The Minister of State, Cabinet Office (Lord Falconer of Thoroton): uses cookies so that each user can choose to receive different information according to their needs or interest. Without cookies, everyone would get exactly the same information. So if you lived in Scotland, for example, and were searching for information about how to register a birth, without cookies you could only receive generic UK-wide information, rather than information which has been specially tailored to reflect the different legal situation north of the Border. The use of per-session cookies is therefore vital to enable to meet its aim of providing every UK citizen with easy access to information and services which are relevant to them. In any case, these cookies are only temporary and are erased automatically once the user has finished their session on the site.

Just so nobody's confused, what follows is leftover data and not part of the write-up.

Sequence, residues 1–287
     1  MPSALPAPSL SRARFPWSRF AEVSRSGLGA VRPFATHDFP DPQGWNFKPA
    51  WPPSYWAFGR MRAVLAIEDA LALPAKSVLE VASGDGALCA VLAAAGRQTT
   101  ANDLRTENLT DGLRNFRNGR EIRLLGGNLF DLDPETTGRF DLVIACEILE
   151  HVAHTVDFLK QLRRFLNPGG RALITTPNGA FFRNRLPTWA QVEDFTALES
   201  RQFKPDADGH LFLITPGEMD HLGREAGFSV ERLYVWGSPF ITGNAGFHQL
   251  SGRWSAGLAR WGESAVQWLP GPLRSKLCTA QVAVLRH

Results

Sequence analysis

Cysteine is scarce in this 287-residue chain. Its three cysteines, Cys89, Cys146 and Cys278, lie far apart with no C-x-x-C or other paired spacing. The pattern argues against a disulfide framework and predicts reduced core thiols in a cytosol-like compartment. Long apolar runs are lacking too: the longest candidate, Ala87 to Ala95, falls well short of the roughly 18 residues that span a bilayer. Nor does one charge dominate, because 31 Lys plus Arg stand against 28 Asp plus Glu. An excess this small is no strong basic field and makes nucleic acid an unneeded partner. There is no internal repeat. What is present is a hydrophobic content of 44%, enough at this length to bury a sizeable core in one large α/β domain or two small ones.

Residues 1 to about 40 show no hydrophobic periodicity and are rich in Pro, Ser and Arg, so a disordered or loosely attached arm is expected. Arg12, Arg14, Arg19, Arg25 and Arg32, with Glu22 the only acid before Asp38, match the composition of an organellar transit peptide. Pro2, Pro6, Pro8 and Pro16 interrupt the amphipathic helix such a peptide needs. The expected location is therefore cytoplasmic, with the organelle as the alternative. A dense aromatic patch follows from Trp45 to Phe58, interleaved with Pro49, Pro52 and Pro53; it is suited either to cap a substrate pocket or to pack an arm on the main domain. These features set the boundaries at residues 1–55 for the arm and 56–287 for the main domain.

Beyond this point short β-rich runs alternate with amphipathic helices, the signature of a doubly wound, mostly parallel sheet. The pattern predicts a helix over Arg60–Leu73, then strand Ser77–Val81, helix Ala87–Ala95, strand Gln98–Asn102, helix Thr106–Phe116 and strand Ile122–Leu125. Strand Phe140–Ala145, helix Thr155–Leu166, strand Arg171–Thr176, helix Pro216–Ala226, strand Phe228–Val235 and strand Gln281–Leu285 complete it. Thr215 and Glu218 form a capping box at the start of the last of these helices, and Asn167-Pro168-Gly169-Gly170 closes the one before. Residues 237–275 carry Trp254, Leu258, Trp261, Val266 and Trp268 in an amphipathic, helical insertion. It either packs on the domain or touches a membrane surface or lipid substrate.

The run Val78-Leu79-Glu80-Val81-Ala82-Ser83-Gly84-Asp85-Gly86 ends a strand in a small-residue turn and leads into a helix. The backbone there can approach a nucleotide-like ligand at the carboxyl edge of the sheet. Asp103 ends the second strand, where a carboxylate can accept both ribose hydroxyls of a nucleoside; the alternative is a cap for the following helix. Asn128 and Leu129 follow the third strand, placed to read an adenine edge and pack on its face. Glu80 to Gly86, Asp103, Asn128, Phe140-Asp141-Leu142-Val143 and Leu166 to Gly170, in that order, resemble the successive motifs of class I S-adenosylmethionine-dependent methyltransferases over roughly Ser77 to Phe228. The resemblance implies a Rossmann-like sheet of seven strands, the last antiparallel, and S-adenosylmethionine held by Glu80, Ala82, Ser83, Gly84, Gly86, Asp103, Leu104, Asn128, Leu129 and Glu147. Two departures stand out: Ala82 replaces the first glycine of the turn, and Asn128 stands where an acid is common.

Warrior Armoured Vehicle

Lord Preston asked Her Majesty's Government:

    What progress has been made on the use of the Warrior armoured vehicle.[HL1121]

The Minister of State, Ministry of Defence (Baroness Symons of Vernham Dean): My honourable friend the Minister for the Armed Forces announced in another place on 30 November 2000 (Official Report, cols. 726-27W) that a number of precautionary operating restrictions had been put in place on the use of the Warrior armoured vehicle following the failure of the drive shaft system in some vehicles. A technical solution to the problem has now been developed and the fitting of modified parts commenced on 5 March 2001. The operating restrictions are being lifted from individual vehicles as they receive the modified drive shafts. The programme to convert all Warrior vehicles is expected to be completed by July 2001.